CLEP testing is a great option to consider when creating a four-year plan. CLEP stands for College Level Examination Program, which is offered by the College Board. In short, it is testing for college credit. When a student passes a CLEP test at a testing center, he or she will be awarded equivalent college credit as if the corresponding college course had been taken. 

As a result, CLEP tests are a helpful way to save money and time in high school. Testing for credit can work as dual credit for both high school and college and can help your teen graduate high school early (and college!). Don’t feel pressured though, even if you only take one CLEP test, you’re ahead!

There are two other fairly new but approved alternatives to CLEP testing: Sophia.org and Saylor Academy. Both of these services operate on the same idea as CLEP, which is testing for credit. The differences lay in that Sophia and Saylor do not rely on one major test as a pass or fail exam. Instead, Sophia and Saylor are mini-courses, which can be taken as quickly as you like. Sophia has a series of quizzes and tests, and a certain number must be passed to earn the college credit. As for Saylor, the courses are free but students must pass a final exam (which may require a proctor) to earn college credit. 

The benefit of these services over CLEP is that the study materials and lessons are all included whereas, for CLEP, official study guides do not exist. For CLEP test studying, a student needs to procure a course textbook for that particular test (e.g. College Composition I). Because the study materials are not associated officially with the test, the material may or may not be on the test. CLEP has been a tried and true method, but for students with testing anxiety, Sophia and Saylor may be more helpful options.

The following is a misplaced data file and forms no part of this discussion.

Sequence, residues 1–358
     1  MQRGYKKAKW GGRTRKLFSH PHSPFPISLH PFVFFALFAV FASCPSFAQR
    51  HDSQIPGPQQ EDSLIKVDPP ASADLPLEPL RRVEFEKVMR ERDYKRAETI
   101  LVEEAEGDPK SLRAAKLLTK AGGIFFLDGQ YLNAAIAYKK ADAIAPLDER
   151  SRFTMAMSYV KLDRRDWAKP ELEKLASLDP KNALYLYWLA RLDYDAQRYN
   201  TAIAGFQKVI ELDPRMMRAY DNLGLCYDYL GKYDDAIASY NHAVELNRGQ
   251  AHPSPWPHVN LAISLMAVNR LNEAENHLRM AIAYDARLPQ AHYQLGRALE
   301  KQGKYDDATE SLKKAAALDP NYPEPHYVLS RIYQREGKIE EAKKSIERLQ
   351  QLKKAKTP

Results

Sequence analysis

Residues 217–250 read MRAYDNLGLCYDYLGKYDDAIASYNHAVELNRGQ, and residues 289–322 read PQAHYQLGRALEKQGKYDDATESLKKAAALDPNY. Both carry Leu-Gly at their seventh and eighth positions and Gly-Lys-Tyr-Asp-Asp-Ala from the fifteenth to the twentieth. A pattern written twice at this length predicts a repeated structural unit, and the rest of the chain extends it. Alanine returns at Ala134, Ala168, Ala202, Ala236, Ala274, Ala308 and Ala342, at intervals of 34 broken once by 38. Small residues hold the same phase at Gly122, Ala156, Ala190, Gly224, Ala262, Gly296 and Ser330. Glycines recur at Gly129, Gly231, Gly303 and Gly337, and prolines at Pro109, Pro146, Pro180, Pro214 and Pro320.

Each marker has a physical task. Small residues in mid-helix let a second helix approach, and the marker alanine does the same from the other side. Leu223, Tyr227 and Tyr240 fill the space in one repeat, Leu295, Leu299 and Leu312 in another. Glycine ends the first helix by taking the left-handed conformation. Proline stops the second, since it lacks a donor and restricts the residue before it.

Dual Enrollment Information

Using dual enrollment as part of your college preparedness plan is an amazing way to get a jump start on your college courses. Dual enrollment is a community college program in which high schoolers work on high school and college credit simultaneously. Consequently, dual enrollment fulfills high school credits while also satisfying certain college general education courses to save time getting a degree.

Oftentimes, dual enrollment is a free program for high schoolers. Keep in mind, though, a free program is not offered at all community colleges. However, your high schooler can still participate in dual enrollment! Even if your community college requires tuition, the credit can still count for both high school and college. Therefore, a tuition-based dual enrollment experience can still be an excellent homeschool investment.

Find out more in our articles on dual enrollment:

Jamie Gaddy

Jamie Gaddy, B.S., M.Ed., Ed.D. has been a college education professor for over 17 years. Education has been an integral part of her life in both the classroom and as a principal. Six children later found her dissatisfied with traditional schooling and homeschooling became the better fit. She is also a pastor’s wife, remote project manager, and entrepreneur who now homeschools four of her six children (ages 11-17) in southern Georgia. Jamie loves to share about her homeschool experience and help other homeschoolers find success. Connect with her at [email protected]